By JoANNE VIVIANO
VINDICATOR STAFF WRITER
HE MOTHER OF GOD is whole again. And now she has more than just divine protection.
The stained-glass window depicting the religious icon has been repaired at the Holy Ghost Macedono-Bulgarian Eastern Orthodox Church in Youngstown after vandals damaged it in the fall.
This time, church officials have reinforced it with a bulletproof, impact-resistant plastic resin.
Paul Temelkoff, president of the church's board, said the repairs to the front window and several side windows were made possible by donations from across the community.
"There was response from people we didn't even know," Temelkoff said. "Thank God there's more people that do good things in this world than do bad things."
Three panes of the icon window and panels in six side stained-glass windows were damaged in October and November when vandals struck the church three times. They threw broken concrete and tile at the windows, breaking glass panes and bending the lead veins that held them in place.
Temelkoff said the church followed the lead of other churches, in other places, that have placed sheets of the plastic resin in front of stained-glass windows to resist vandals.
Donations for repairs: He said a total amount of donations received had not yet been tabulated but that it would cover the costs of repairing the windows and buying the plastic resin.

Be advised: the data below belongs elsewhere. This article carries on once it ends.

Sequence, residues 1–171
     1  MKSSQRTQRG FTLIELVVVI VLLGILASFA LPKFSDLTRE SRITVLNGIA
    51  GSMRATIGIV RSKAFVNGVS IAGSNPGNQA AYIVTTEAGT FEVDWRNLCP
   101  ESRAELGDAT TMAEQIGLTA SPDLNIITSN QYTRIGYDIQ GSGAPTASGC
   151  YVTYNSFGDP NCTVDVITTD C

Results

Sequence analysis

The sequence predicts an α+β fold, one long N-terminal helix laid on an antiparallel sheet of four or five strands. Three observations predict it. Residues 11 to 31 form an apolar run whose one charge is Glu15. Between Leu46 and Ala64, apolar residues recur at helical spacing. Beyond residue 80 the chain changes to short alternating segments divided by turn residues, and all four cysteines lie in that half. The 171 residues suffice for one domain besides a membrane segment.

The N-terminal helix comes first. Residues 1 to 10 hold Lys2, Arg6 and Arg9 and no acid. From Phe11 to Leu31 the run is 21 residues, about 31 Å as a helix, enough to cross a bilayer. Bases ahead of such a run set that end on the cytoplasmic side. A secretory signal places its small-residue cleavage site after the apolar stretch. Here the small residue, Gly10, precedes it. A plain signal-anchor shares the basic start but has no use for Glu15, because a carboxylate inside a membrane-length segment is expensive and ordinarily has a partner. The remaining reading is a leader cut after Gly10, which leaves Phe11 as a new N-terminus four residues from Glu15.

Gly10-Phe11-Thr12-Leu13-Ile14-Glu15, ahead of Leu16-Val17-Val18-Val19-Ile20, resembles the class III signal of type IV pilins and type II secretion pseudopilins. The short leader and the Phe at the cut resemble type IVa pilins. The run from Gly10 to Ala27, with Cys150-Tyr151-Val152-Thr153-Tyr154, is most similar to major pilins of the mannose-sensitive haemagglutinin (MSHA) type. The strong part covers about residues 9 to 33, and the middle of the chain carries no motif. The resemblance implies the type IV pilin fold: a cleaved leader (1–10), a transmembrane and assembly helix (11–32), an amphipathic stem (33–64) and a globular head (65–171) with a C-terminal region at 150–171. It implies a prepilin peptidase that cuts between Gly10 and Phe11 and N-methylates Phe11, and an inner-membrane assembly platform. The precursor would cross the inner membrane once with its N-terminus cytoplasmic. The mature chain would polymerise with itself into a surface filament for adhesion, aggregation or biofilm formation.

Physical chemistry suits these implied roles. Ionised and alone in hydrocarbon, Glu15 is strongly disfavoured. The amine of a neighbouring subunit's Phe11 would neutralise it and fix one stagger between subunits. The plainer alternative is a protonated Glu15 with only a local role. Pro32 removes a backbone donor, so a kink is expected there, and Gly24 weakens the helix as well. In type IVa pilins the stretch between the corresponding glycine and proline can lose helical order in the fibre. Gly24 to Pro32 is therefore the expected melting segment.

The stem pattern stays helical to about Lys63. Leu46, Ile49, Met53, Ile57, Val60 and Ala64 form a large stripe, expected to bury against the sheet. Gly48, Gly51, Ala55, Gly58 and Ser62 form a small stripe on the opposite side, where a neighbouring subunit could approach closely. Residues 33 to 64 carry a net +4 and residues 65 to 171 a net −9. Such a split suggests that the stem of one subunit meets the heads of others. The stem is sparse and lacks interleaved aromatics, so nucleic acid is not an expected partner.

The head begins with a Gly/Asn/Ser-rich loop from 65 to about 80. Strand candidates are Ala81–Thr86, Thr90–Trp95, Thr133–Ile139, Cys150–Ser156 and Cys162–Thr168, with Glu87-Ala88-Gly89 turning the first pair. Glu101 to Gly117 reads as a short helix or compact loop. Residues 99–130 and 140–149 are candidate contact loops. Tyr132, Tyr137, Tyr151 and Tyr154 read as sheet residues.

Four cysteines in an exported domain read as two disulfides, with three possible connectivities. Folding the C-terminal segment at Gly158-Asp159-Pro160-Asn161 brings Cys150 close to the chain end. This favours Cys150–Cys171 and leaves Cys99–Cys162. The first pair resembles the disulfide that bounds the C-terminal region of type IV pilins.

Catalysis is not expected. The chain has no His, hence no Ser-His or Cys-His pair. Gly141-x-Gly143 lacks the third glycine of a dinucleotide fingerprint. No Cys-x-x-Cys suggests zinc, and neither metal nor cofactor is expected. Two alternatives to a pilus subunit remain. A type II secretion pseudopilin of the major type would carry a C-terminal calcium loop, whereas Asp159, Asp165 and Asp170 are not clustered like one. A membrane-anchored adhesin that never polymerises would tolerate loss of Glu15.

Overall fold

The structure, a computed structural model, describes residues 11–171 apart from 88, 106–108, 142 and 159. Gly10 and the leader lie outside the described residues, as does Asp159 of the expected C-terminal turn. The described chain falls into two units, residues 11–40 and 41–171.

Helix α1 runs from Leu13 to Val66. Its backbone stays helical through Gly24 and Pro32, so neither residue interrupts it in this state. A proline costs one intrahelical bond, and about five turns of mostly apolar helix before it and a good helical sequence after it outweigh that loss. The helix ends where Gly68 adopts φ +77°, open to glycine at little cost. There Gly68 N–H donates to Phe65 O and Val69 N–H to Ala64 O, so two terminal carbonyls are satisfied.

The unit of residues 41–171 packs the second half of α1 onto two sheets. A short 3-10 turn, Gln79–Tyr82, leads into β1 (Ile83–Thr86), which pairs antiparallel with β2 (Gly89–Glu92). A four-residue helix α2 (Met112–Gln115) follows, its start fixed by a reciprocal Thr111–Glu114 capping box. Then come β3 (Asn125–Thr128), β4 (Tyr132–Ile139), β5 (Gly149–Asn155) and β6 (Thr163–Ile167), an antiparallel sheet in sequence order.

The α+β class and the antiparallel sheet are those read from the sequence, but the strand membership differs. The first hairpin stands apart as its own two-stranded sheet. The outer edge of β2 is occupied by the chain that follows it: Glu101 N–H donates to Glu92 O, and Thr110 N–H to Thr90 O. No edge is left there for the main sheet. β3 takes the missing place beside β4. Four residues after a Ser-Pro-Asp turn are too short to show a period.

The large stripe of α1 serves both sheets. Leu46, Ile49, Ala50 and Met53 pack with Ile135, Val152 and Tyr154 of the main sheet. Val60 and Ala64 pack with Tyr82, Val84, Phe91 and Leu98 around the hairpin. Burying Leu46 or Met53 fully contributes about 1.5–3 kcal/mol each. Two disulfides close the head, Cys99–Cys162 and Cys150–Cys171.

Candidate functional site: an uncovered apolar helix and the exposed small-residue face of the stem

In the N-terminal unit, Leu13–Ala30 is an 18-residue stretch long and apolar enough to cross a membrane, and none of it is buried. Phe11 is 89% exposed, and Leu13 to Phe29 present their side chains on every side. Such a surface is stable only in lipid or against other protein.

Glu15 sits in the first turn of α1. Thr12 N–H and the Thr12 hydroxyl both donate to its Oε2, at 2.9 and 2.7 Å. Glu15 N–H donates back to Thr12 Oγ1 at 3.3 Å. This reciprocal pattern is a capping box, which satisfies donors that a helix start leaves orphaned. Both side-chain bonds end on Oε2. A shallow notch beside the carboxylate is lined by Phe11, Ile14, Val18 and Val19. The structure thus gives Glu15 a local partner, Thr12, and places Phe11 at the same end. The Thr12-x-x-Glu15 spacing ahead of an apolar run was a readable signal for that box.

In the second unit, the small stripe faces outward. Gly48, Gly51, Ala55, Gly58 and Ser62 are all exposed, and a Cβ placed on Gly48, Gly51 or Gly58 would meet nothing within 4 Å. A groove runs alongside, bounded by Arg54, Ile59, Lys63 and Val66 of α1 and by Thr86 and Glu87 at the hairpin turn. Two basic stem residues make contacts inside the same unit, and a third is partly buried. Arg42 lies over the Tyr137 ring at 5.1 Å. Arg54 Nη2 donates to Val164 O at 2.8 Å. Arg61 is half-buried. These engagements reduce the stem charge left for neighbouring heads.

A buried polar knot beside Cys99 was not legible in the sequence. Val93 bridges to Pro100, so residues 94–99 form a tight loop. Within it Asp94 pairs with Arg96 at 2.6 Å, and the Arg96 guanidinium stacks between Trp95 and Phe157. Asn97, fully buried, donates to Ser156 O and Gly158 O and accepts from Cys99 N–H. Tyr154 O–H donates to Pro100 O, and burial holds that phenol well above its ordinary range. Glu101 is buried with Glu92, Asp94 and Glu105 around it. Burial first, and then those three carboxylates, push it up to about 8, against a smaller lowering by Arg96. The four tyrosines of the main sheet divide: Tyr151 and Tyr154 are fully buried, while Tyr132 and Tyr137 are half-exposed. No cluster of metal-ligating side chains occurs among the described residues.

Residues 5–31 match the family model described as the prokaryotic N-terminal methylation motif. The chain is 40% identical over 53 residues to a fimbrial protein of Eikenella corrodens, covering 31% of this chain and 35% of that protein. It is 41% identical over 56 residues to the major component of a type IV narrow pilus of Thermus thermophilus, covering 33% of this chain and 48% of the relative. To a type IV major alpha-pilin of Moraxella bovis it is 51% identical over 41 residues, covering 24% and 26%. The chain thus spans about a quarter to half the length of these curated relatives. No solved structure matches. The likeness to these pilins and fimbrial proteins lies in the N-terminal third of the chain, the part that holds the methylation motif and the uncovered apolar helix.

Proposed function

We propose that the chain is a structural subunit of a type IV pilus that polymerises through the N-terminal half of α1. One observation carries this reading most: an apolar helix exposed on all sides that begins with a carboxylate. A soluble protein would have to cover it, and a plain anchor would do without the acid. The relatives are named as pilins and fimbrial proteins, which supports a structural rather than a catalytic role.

"It looks like everything that was damaged will be covered through people's generosity," Temelkoff said. "And we're thankful for that."
Church neighbor Connie Vario said she donated to the window repair fund.
"What else are you gonna do? Tell me," Vario said. "We gotta stick together."
Vario is not a church member but serves as a custodian and attends some services. She said she has lived in the neighborhood for 60 years and the Rev. Basil Duesenberry, church pastor, helped her when she was recovering from heart surgery 12 years ago.
"When this happened, everybody thought ... 'Why here in Youngstown?'" Vario said.
Cost estimates: Temelkoff said he is not sure of the cost of repairs. In November, the pastor said he estimated damage at $3,000 and expected the church would pay up to $750 in deductibles to an insurance company for repair. He said it would cost about $100 to fix broken panes in the icon window.
Father Duesenberry was out of town this week and could not be reached to comment. Cost of the plastic resin was unavailable.
Father Duesenberry had described the parish as one that struggles financially. Temelkoff said its membership has dwindled in recent years from about 56 to 36.
"I don't know how long we'll be able to survive," Temelkoff said. "So every little bit helps."